Scientists say they are unsure of the exact biological reasons why alcohol causes cancer, but a review of existing research concludes there is strong evidence of a direct, harmful effect from drinking.
Jennie Connor, from the University of Otago in New Zealand, believes alcohol caused about half a million deaths from cancer in 2012 alone – around 6% of cancer deaths around the world.
Cancer of the mouth and throat, larynx, oesophagus, liver, colon, bowel and breast have all been linked to alcohol.
Writing in the journal Addiction, she said: “There is strong evidence that alcohol causes cancer at seven sites, and probably others.
“Confirmation of specific biological mechanisms by which alcohol increases the incidence of each type of cancer is not required to infer that alcohol is a cause.”
While the highest risks are among heavy drinkers, even people who drink smaller amounts are seen to be at risk.
She said there is no safe level of drinking with respect to cancer, but the risks are reduced for some cancers when people stop drinking.
Professor Connor has also questioned previously reported health benefits from drinking, such as a glass of red wine being good for your heart.
These were seen “increasingly as disingenuous or irrelevant in comparison to the increase in risk of a range of cancers”, she said.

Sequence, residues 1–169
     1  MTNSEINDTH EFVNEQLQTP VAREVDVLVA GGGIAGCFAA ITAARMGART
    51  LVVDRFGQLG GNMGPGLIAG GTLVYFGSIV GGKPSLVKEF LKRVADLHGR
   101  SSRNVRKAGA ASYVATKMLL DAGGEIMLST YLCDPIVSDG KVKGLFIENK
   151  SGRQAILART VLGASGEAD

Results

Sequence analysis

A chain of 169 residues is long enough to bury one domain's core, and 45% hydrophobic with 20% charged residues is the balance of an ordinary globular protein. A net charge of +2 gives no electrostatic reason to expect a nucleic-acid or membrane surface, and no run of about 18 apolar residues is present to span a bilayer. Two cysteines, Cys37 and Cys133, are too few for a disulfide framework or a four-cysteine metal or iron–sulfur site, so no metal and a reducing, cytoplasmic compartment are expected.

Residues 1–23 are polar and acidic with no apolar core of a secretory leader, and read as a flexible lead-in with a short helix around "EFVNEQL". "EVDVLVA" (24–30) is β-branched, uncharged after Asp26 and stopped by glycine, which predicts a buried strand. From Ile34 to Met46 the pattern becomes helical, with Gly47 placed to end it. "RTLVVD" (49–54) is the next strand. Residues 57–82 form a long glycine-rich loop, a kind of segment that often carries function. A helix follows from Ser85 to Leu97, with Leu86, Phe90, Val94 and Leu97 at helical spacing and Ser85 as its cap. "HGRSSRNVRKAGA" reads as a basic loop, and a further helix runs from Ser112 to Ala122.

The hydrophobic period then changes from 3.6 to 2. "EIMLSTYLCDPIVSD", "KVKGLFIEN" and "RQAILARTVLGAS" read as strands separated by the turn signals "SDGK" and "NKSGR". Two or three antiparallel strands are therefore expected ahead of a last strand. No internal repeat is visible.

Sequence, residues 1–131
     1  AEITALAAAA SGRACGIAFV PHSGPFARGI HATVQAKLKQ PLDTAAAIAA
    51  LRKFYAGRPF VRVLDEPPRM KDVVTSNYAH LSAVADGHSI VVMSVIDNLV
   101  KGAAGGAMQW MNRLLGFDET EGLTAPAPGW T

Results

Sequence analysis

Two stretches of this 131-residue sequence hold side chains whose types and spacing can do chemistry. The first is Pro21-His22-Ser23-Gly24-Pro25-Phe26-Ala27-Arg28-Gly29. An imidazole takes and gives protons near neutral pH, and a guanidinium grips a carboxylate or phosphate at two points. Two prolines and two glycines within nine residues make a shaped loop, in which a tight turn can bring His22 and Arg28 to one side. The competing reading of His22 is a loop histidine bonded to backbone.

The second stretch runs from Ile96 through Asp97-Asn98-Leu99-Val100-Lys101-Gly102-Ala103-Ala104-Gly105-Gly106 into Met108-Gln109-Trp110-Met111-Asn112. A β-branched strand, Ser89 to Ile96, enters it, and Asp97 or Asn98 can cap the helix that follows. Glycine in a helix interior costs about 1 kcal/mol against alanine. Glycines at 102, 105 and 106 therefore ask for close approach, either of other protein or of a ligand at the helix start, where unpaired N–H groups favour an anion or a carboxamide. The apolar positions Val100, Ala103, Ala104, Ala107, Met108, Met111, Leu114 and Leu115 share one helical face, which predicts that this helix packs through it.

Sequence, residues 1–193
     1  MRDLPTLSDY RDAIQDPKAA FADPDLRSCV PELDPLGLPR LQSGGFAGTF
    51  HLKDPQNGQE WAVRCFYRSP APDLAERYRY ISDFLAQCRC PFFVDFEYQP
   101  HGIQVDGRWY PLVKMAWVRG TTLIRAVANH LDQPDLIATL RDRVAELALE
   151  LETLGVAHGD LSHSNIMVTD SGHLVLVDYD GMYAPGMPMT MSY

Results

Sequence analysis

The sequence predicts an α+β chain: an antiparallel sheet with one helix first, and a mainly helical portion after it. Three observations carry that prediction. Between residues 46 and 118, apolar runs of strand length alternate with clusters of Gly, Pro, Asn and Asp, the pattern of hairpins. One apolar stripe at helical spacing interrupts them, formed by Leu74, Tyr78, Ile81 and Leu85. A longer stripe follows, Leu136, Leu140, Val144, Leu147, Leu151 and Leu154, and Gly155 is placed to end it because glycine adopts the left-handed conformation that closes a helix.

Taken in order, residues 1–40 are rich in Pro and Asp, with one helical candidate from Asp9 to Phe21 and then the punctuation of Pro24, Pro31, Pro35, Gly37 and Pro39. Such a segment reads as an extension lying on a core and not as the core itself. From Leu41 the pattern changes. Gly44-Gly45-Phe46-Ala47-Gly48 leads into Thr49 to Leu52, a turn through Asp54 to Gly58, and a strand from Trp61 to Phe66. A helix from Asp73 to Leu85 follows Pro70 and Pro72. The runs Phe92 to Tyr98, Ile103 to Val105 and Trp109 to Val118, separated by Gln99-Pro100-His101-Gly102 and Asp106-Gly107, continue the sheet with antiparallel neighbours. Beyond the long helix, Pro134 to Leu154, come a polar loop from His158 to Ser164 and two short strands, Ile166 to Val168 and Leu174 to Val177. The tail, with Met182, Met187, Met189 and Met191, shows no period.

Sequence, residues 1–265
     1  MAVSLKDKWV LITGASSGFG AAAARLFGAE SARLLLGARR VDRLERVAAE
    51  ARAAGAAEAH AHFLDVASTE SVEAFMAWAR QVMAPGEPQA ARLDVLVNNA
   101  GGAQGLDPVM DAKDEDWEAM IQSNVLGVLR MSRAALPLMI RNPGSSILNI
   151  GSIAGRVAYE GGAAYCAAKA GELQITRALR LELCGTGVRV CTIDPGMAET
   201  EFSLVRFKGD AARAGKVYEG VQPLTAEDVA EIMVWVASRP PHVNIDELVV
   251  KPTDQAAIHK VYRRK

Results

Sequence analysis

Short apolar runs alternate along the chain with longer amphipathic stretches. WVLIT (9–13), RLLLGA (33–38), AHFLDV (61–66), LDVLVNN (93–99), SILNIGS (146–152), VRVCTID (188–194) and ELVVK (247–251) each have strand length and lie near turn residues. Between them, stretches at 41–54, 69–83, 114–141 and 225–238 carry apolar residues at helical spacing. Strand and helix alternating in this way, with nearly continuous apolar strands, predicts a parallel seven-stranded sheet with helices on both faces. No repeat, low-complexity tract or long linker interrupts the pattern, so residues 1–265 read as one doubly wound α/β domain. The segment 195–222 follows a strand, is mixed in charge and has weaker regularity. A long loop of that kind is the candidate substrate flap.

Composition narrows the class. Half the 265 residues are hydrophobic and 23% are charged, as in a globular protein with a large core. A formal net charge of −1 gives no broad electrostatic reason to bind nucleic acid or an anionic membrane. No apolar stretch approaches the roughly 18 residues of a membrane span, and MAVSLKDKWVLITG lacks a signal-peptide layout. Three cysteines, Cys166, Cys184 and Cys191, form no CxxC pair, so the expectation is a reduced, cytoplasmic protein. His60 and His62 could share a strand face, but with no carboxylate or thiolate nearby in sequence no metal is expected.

Her findings are in line with advice given in January by the UK’s chief medical officers, who said no level of regular drinking is without risks to health.
Among a list of recommendations, they reduced the weekly recommended limit for men down from 21 to 14 units, to match advice for women.
Scientists are still trying to confirm how drinking can lead to cancer, but one theory is that alcohol damages DNA.
Susannah Brown, science programme manager for the World Cancer Research Fund (WCRF), said: “Many people believe that alcohol consumption is only linked to liver cancer, but this review confirms the findings of our Continuous Update Project that alcohol is strongly linked to an increased risk of a number of different cancers, including two of the most common – bowel and breast cancer.
“Among other evidence, we see the risk increasing as the amount of alcohol consumed increases, and we agree that there is solid evidence to conclude that alcohol consumption directly causes cancer.”
The WCRF has previously said that drinking three alcoholic drinks or more per day increases the risk of stomach cancer.
Elaine Hindal, chief executive officer from the industry-funded alcohol education charity, Drinkaware, said: “We know that around 3.5 million middle-aged men are drinking more than the low risk guidance of 14 units or 6 pints of 4% beer per week.
“It is why we have launched our ‘Have a little less, feel a lot better’ campaign to target those who could be storing up serious health problems for the future.”